Book Review: Deadly Shores by Kerry Buchanan

Deadly Shores by Kerry Buchanan is another worthy page-tuner with loads of pain for the characters and loads of thrills and suspense for readers. Buchanan’s writing is again the stand-out for me in this twisty, intriguing tale.

I’ve read both of Kerry Buchanan’s previous books and she gives us something different with each outing. Her latest, Deadly Shores, is no exception. While there is still plenty of suspense, a twisty plot, and the realistic and engaging cast of characters we’ve learned to expect from her, this one seems to lean more strongly into police procedural territory, which I loved. Buchanan has impressive story-telling ability and hits the mark with strong attention to detail every time. She is one author I’m always eagerly awaiting the next book from.

Deadly Shores (Detectives Harvey & Birch Murder Mystery Book 3)

by Kerry Buchanan

Published by Joffee Books

on April 26, 2022

Source: Purchased

Genre(s) Mystery & Thriller, Mystery & Detective, Police Procedural

ISBN ‎9781804052303

302 pages




A wave lifts the stern of the boat, rigging groans in protest and a crash comes from down below, as the wails of the cargo rise above the howl of the storm.

It’s a wild Christmas Day on the rugged Northern Irish coast. But there’s no time for turkey and pud with the family for Detectives Harvey and Birch.

DS Aaron Birch leans into the wind and driving sleet. Thick, scudding clouds make the streets of Lisburn almost as dark as early evening

Then he gets the tip-off. Smugglers coming into a boatyard in Bangor.

Birch and DI Asha Harvey head to the marina. They expect to find drugs. But the evidence points to something far, far worse.

When one of the couriers is found murdered in his hotel room, they realize they are facing in a deadly storm of corruption and criminal depravity. Will they sink or swim?

The book opens with a bang as the prologue grabs our attention. A woman named Clara is at the wheel of a boat on a treacherous, stormy North Atlantic passage bound for the northwest coast of Ireland. With the decks awash with saltwater, another massive wave sweeping the deck would have tossed her over the rail into the sea had her lifeline not brought her up short. We’re not sure what this is all about, but a woman alone on an angry sea teetering on the fine line between life and death is more than adequate to grip our attention and get our pulse pumping. Of course, we learn much more about Clara and what she is about as we get deeper into the story and then the thrilling opening makes all the sense in the world.

We’re reunited with DC Aaron Birch and later DI Asha Harvey, the engaging leads from the previous books in the series. Both barely survived encounters with some corrupt police colleagues in the previous book, Small Bones. Buchanan offers adequate backstory from that book so that readers entering the series with this one won’t feel lost. She strikes a nice balance between the crimes-at-hand and past events impacting on recurring characters, so this book can work as a stand- alone. But readers who appreciate a fuller context might want to read Small Bones first.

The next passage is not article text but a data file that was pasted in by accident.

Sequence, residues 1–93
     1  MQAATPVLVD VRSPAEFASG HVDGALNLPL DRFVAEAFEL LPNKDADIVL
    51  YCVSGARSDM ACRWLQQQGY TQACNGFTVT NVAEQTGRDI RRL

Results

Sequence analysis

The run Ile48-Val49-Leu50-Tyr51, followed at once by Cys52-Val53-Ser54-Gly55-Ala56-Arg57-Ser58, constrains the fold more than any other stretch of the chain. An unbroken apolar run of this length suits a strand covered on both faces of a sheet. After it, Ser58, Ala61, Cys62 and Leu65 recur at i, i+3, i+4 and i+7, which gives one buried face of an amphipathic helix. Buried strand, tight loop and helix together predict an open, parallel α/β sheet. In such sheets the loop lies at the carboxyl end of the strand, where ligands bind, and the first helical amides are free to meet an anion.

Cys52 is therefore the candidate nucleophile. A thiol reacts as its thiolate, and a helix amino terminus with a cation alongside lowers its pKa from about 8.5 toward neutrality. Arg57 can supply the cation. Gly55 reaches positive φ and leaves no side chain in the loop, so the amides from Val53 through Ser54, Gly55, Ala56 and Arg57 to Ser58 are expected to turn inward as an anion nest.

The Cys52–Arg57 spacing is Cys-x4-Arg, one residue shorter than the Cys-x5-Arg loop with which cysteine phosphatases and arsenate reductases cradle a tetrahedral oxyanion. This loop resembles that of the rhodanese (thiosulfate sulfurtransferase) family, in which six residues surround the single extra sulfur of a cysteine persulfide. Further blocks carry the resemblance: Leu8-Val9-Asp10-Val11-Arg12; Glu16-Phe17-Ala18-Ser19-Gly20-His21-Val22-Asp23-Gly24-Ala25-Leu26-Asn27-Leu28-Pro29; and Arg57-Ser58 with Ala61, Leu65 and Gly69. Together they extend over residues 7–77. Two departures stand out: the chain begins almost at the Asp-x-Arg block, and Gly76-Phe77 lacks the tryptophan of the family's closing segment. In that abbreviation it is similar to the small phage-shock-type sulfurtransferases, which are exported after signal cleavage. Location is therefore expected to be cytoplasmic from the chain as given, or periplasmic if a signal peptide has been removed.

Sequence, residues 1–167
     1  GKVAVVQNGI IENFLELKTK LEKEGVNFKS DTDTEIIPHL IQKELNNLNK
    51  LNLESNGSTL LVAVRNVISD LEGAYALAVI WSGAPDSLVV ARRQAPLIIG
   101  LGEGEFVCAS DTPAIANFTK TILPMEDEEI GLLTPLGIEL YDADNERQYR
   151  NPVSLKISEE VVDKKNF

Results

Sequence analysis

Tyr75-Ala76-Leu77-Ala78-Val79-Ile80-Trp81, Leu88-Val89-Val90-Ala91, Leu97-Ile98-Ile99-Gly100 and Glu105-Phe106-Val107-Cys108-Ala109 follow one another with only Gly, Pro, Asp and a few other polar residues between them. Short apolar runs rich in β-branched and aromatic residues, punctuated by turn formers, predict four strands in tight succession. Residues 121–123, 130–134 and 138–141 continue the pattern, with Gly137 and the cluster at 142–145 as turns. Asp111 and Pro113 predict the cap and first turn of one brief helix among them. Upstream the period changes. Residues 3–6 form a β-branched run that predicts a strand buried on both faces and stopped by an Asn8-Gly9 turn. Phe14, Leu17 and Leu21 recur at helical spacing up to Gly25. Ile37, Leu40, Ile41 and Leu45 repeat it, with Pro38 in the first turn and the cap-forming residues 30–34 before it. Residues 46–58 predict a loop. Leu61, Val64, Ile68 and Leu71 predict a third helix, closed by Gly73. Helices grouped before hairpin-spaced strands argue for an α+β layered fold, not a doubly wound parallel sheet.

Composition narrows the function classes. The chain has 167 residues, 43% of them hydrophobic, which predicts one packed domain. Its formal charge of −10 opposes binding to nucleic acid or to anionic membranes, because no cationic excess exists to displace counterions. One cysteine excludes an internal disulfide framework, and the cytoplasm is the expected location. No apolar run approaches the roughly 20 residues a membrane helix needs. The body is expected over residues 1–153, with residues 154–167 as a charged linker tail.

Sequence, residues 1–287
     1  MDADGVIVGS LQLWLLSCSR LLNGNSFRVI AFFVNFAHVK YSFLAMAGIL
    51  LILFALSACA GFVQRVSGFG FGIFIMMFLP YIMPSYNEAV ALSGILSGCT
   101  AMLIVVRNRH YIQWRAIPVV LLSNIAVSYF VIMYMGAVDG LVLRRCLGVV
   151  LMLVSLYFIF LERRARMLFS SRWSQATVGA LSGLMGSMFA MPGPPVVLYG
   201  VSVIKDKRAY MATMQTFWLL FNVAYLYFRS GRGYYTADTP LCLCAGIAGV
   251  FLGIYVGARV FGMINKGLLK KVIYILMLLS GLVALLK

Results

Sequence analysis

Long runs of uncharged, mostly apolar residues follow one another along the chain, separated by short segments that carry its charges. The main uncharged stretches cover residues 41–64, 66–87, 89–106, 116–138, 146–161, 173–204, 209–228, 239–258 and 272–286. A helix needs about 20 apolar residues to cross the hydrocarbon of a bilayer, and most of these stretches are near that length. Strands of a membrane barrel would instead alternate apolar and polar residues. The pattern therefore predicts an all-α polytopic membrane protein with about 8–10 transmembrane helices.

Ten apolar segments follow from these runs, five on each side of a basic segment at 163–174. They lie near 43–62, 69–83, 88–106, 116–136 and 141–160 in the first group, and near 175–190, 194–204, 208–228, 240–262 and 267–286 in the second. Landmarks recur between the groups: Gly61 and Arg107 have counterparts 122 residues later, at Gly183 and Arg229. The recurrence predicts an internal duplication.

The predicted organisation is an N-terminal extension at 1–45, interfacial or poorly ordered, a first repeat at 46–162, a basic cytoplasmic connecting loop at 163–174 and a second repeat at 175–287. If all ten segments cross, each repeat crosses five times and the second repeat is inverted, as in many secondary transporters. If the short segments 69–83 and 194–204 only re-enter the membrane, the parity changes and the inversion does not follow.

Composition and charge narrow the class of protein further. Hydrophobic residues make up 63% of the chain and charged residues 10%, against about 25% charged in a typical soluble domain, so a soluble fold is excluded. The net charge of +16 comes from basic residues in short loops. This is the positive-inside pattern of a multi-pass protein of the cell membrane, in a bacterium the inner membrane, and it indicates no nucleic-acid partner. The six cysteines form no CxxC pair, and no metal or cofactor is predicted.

Our lead characters are no longer partners since Harvey has received a promotion and transferred from the police station where they both worked together under Chief Superintendent Yvonne Patterson to the Bangor station in North Down. To Birch’s delight, after Patterson gets a tip-off from an informant about a large drug delivery destined for Bangor’s patch, she sends Aaron there to liaise with DI Harvey for the investigation, giving him the chance to work side-by-side once again with his friend and former partner.

Birch and Harvey begin their investigation, and it isn’t long before the first body drops when someone murders a suspected drug courier. Immediately, the investigation grows in scope and complexity. Both the action and suspense build from that point, keeping us turning the pages until the satisfying end. Both Birch and Harvey develop romantic interests (in others) in this book, which made for an interesting subplot, but the romance part never overshadows the primary plot which centers on drugs, murder, and bent cops.

Here, Buchanan again offers readers likeable leads, well-drawn, realistic supporting characters, and another intriguing plot with several twists and turns to keep us guessing. As much as I enjoyed her first two books, this one is my favorite of the series so far since it seems to enter the realm of a police procedural (my favorite genre) more strongly than the others. And it’s definitely one of my favorite books of the year. Fans of crime thrillers with a strong police procedural flavor should give this one a read.

I purchased the copy of this book used for this review, which represents my own honest opinions.

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